Sunday, November 23, 2014
Inquirer Daily News

Archive: February, 2012

POSTED: Wednesday, February 29, 2012, 8:30 AM

A central Pennsylvania man, who left a herd of young horses to fend for themselves in a barren field with no food or water was convicted on 14 counts of animal cruelty.

An Adams County district judge on Tuesday found James Houseman III of Littlestown, guilty on 14 of 22 counts stemming from a November raid on a property where he was keeping a herd of thoroughbred weanlings.

When authorities arrived at the property after weeks of monitoring indicated Houseman had neither fed, watered or provided adequate shelter for the horses, they found 21 horses, some barely able to stand on their own, and a dead mare covered in straw in a stall.


 
POSTED: Tuesday, February 28, 2012, 6:11 PM

A Philadelphia veterinarian is among three finalists in the first Petplan Vet of the Year contest.

Dr. Corinne Majeska, of Companion Pet Hospital, made the final cut along with Dr. Richard Palmquist of Centinela Animal Hospital in Inglewood CA and Dr. Alan Stewart of San Francisco Veterinary Specialists.

The three finalists were chosen from among 2,000 vets nationwide who were nominated for the award sponsored by the Philadelphia-based pet insurance company.

POSTED: Tuesday, February 28, 2012, 5:03 PM

Nine months ago police and rescue groups descended on Canterbury Farms, home to a once-prestigious Arabian horse breeding operation on Maryland's Eastern Shore, and discovered a herd of 140 neglected horses in filthy barns and barren paddocks, many of them emaciated.

Seven were so sick they had to be destroyed on the spot.

POSTED: Monday, February 27, 2012, 7:37 PM

"No cats turned away."

Words that ought to set off alarm bells to anyone truly concerned about animal welfare.

Is the idea of a place where the hundreds of unwanted stray and feral cats can live out their lives in peace too good to be true?

POSTED: Thursday, February 23, 2012, 1:24 PM

".... there is no religion without love, and people may talk as much as they like about their religion, but if it does not teach them to be good and kind to man and beast, it is all a sham...."

—Anna Sewell/Black Beauty

POSTED: Tuesday, February 21, 2012, 8:30 AM

A New Jersey township has revoked the license of a pet store that sold illegally trafficked puppies from Pennsylvania - and may permanently ban the sale of puppies as a result.

Brick Township took  action against Puppies Galore after a slew of consumer complaints led to a investigation by the county health department and the seizure of 35 puppies - most of them sick - from Pennsylvania breeders.

A total of 42 cruelty charges are pending against the pet shop owner Maria DeSantis (38 counts) and manager Nat Sladkin (4 counts).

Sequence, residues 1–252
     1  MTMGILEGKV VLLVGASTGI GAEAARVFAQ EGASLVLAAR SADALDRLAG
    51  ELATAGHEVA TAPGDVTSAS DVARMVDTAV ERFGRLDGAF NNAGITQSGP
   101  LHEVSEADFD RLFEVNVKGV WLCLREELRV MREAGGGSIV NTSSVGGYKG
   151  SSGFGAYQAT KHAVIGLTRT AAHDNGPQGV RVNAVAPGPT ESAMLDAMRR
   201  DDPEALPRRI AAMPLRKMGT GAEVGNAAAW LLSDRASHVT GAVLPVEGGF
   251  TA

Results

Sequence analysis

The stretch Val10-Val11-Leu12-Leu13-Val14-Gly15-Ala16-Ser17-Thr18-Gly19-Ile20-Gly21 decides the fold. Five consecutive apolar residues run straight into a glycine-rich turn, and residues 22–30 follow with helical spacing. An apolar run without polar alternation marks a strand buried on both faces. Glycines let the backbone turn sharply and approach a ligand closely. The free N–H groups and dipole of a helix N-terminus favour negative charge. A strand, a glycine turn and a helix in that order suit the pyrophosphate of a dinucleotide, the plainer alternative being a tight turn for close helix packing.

POSTED: Monday, February 20, 2012, 9:22 AM

The return of the robins. The first tulip bulbs poking up through the mulch. Countless roaming cats pregnant yet again. Ah yes, it's almost spring.

With World Spay Day upon us (Feb. 28) what better way to attack that last sign of spring than to get thy pet to a vet for a little snip, snip.

Everyone in your household pet family fixed already? Then how about helping out with a feral cat colony or donating to any number of wonderful organizations that provide free or low cost spay/neuter services for pets.

POSTED: Sunday, February 19, 2012, 1:06 PM

That now infamous Romney family vacation back in 1983 is still, well, dogging, the candidate.

This time the Seamus-rides-on-top trip is the subject of a sly campaign ad by the Democratic political action group Moveon.org. It features a Mitt Romney lookalike and a sound track of the candidate himself.

What I can't shake is the fact, not only did the family throw poor Seamus up on the roof rack in a crate for a 12-hour trip, but that they dumped him later in his life. Despite interviews where the former Massachusetts governor said he and his family loved their dog, Seamus ended up living with Romney's sister in California for reasons unknown.


About this blog
Amy Worden is a politics and government reporter for the Inquirer. In that capacity she has explored a range of animal issues from dog kennel law improvements and horse slaughter to the comeback of peregrine falcons and pigeon hunts. From hamsters to horses, animals have always been part of her life. To pass along a tip or contact Amy, click here. Reach Amy at aworden@phillynews.com.

Amy Worden Inquirer Staff Writer
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